• "Seven Forty Seven," an unreleased song which appeared on Warp20 (Unheard), clocks in at 6:44.
    • The version of "Chinook" which appears on the "Aquarius" EP is just over 7 minutes long.
    • "XYZ," from their radio session with John Peel, is 8 minutes long.
    • Though they have never been heard publicly, some of the songs on their earliest albums could be quite long. "Tends Towards" from "Closes Vol. 1," was 8 minutes long, "Infinite Lines Of Colourful Sevens," from "Play By Numbers," was 9 minutes and 18 seconds long and "Line Two" and "Visual Drone 12," both from "Catalog 3," were 10 minutes and 13 minutes long, respectively.
  • The End of the World as We Know It: Supposedly what "Tomorrow's Harvest" is about.
  • Fading into the Next Song: "Wildlife Analysis" into "An Eagle In Your Mind."
    • "Bocuma" into "Roygbiv."
    • "The Beach at Redpoint" into "Opening the Mouth."
    • "The Devil is in the Details" into "A is to B as B is to C" into "Over the Horizon Radar."
    • "Ready Lets Go" into "Music is Math."
  • Ghibli Hills: Boards of Canada is arguably the aural equivalent of this. When they're not being terrifying, that is.
  • Gratuitous Panning: Done with the synth lead in "Seven Forty Seven," which only serves to make the whole song more psychedelic.
  • Last Note Nightmare: Inverted in their remix of Slag Boom Van Loon's "Poppy Seed," beginning with a dark and ominous synth and progressing into a more mellow composition.
  • Miniscule Rocking: All Boards of Canada albums feature at least a few shorter "snippet" songs, usually in the one minute range, that serve as quick explorations of short themes, Breather Episodes or linking between longer songs. These tend to be just as acclaimed as their "regular" songs.
    • Likewise, Tomorrow's Harvest tones down the band's trademark warbly synths for a much colder, darker palette akin to the soundtrack work of John Carpenter, John Harrison and Vangelis.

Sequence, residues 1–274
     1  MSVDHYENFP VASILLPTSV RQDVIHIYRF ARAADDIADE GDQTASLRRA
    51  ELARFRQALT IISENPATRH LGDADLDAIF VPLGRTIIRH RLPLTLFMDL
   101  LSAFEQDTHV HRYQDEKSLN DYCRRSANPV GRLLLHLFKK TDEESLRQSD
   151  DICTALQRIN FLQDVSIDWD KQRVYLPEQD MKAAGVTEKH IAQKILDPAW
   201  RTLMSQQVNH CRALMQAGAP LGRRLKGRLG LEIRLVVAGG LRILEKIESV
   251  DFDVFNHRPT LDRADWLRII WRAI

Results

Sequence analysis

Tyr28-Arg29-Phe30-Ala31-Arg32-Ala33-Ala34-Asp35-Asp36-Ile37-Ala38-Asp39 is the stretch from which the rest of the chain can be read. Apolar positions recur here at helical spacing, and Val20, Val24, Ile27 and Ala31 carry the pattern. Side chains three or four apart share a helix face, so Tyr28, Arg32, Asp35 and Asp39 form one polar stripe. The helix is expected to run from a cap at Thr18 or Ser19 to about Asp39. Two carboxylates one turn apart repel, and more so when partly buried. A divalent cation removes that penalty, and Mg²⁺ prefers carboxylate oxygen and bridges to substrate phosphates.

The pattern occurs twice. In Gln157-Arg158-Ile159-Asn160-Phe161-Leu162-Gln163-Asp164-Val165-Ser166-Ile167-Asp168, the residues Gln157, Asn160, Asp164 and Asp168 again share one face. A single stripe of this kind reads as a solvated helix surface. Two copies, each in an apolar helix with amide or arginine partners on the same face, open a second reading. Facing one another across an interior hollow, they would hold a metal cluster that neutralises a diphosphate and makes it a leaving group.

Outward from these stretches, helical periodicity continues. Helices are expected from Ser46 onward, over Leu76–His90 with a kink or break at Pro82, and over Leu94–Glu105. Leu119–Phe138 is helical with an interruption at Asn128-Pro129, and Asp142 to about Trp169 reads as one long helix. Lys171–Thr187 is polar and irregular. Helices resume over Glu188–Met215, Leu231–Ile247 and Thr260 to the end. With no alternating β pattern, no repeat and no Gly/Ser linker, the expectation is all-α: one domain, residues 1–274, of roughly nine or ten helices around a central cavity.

• Non-Appearing Title: Few of their albums or EPs feature the album title in a song, In a Beautiful Place Out in the Country, Twoism and Boc Maxima being exceptions.
  • Non-Indicative Name: They are from Scotland, not Canada. However, they did move to Canada at a young age and spent much of their childhood there.
  • Number of the Beast: Geogaddi's last track "Magic Window" is 1:46 minutes of silence, making the final album length add up to 66:06. Word of God claims that a silent track was always intended to be at the end of the album, but the length was a suggestion from Warp Records president Steve Beckett For the Lulz, to troll the stupid listeners who were scared off by their reversing and sample manipulation. This joke isn't present on the Japanese version of the album, whose bonus track "From One Source All Things Depend" pushes the length to 68:14; or the vinyl release, which has a blank Side F with an image of a nuclear family to represent Magic Window.
  • Recurring Riff: Track 3 from "All Tomorrow's Parties" has appeared in several of their songs. Namely "Sixtyniner," "A is to B as B is to C" and in the music used in the "Quiet" commercial.note 
  • Sampling: Heavy use of this, especially from field recordings, movies, Sesame Street (yes, really), National Film Board of Canada documentaries, Numbers Stations (especially on Geogaddi) and lots and lots of children's voices, as well as more "normal" sampling of other songs ("Aquarius," for instance, is driven by a sample from the Hair soundtrack). Children's voices were deliberately removed from Headphase, with Marcus explaining that it was meant to avoid being pigeonholed:
    We always have people putting fakes on the Internet before a new record is released, and the fakes are always really electronic with little kids' voices and things like that.
  • Shout-Out: The group name is a reference to the National Film Board of Canada. Their titles and samples can be pretty heavy on this as well:
    • "Turquoise Hexagon Sun" and "Orange Hexagon Sun" reference the Hexagon Sun artistic collective, which supposedly includes the band, Iain Campbell, Simon Goderich, Mark Garrett, Rachel Stewart, Alan Mackenzie and Andrew Wilson. The band also use "Hexagon Sun" as the name of their recording studio.